It is necessary to screen such women for anxiety disorders, mood disorders and other sleep disorders. The other disorders include obstructive sleep apnea-hyperpnea, restless legs syndrome (which is in turn linked to labor aberrations, increased sensitivity to labor pain, higher incidence of C-section and preterm labor, and a proinflammatory state if left untreated).


Both non-pharmacologic and pharmacologic measures may be used to help overcome sleep disturbances.

Non-Pharmacologic Therapy

Behavioral therapy is the leading nonpharmacologic modality for insomnia, and includes:

Sleep hygiene: This should be taught to the patient, such as a dark environment, avoiding all triggers for arousal, napping only before noon if required, and exercising at least 4 hours before bedtime, as well as limiting fluids after 5 pm to avoid having to visit the bathroom too often during sleep hours.

Stimulus control is another technique, comprising keeping the bed only for sleep, and in case of insomnia, getting out of bed to do some mild non-arousing activity until one feels sleepy.

Sleep restriction: This refers to charting the actual time spent in sleep and not going to sleep until the hours to projected waking are equal to the actual sleep time. This is thought to help correct circadian cycle shifts and improve sleep efficiency. Once one is actually asleep for 85% or more of the time spent in bed, the bedtime may be shifted back in increments of 15-30 minutes.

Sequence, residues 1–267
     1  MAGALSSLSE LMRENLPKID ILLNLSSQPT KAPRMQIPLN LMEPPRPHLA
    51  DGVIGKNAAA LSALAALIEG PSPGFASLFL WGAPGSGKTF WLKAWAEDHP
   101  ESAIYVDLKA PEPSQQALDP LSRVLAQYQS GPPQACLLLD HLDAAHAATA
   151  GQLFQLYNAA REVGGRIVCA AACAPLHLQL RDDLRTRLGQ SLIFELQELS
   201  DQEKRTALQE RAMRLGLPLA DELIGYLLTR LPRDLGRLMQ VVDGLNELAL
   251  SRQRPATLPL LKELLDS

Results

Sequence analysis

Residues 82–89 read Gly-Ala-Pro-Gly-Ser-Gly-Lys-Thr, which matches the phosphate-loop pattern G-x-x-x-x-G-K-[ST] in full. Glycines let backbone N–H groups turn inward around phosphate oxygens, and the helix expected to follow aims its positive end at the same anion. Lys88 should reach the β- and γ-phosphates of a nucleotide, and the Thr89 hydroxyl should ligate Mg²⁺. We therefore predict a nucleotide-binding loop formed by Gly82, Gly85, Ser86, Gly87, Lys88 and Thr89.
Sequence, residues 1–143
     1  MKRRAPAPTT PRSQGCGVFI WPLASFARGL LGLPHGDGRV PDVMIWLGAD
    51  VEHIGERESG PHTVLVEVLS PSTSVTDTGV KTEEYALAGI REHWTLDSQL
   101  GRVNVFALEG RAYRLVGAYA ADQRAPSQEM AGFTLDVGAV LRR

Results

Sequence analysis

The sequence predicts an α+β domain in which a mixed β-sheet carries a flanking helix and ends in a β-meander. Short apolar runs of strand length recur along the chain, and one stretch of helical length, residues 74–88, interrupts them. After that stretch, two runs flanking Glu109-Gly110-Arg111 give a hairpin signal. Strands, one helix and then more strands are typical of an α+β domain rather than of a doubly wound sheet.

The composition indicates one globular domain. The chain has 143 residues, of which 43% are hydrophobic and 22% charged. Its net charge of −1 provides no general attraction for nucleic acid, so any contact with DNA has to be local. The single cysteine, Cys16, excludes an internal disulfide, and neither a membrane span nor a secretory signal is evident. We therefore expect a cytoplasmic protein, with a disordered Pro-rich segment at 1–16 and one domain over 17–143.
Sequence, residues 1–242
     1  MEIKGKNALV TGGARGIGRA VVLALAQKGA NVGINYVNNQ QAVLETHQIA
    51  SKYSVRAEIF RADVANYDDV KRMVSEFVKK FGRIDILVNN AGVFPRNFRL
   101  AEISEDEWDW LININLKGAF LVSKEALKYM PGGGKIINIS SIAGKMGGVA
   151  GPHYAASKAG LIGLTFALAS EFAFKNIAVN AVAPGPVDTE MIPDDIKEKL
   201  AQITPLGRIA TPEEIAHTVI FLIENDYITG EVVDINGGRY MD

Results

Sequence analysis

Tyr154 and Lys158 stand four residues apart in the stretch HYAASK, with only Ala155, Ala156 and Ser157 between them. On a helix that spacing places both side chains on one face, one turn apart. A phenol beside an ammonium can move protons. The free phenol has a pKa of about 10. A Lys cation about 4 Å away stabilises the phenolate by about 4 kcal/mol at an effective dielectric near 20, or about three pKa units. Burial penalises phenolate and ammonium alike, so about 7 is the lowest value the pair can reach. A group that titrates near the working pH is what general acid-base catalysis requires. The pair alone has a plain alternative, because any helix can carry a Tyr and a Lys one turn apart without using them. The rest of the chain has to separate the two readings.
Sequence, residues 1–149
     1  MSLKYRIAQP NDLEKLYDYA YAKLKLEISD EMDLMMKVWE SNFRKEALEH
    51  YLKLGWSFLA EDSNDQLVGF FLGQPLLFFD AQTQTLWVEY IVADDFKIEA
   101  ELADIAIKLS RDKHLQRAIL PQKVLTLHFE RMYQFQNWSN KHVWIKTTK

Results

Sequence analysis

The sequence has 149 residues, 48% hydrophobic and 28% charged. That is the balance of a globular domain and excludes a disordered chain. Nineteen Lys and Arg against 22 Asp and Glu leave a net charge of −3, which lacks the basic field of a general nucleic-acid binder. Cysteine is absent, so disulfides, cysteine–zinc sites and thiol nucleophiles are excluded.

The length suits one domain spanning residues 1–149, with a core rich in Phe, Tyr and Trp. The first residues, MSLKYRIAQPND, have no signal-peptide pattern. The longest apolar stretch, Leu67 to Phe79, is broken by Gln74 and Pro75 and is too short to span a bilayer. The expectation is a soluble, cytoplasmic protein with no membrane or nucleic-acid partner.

Relaxation techniques may help to get one in the right frame of mind, such as progressive muscle relaxation or abdominal breathing, or focusing on relaxing thoughts.

Cognitive therapy: This intervention aims at recognizing catastrophic thinking in relation to insomnia, and encouraging the development of right thoughts about the amount of sleep the patient actually needs, using data gathered through research and the patient’s actual requirement of sleep in the past in order to function properly.

Cognitive behavioral therapy: In the case of insomnia, this includes sleep education, stimulus control, sleep restriction, cognitive therapy, sleep hygiene, and integrating all of these into a functional approach to handling insomnia.

Pharmacologic Therapy

Many physicians are hesitant to prescribe drugs for the management of insomnia in pregnancy, because of various reasons. Restless legs syndrome is one major cause of insomnia and may be treated to some extent by supplementing with vitamins and iron, especially folate-fortified grains. Folate and iron deficiency increases the risk of this condition in pregnancy. Sleep apnea should be treated if present by continuous positive airway pressure (CPAP).

Antihistamines may be the first line, because of their safety in pregnancy. This may be followed by appropriate antidepressant or anxiolytic therapy despite the low risk of teratogenicity, to avoid the greater risk that arises from not treating psychiatric illness in pregnancy. Yet, these should be used only when absolutely required and in the lowest effective doses. Benzodiazepines could cause neonatal hypotonia, sedation, or respiratory problems. However, maternal depression could also cause fetal ill-health.

The use of mood stabilizers is more controversial and must be decided on a case-by-case basis considering the risk of acute mania or depression in pregnancy.

Further Reading

Last Updated: Feb 26, 2019

Dr. Liji Thomas

Written by

Dr. Liji Thomas

Dr. Liji Thomas is an OB-GYN, who graduated from the Government Medical College, University of Calicut, Kerala, in 2001. Liji practiced as a full-time consultant in obstetrics/gynecology in a private hospital for a few years following her graduation. She has counseled hundreds of patients facing issues from pregnancy-related problems and infertility, and has been in charge of over 2,000 deliveries, striving always to achieve a normal delivery rather than operative.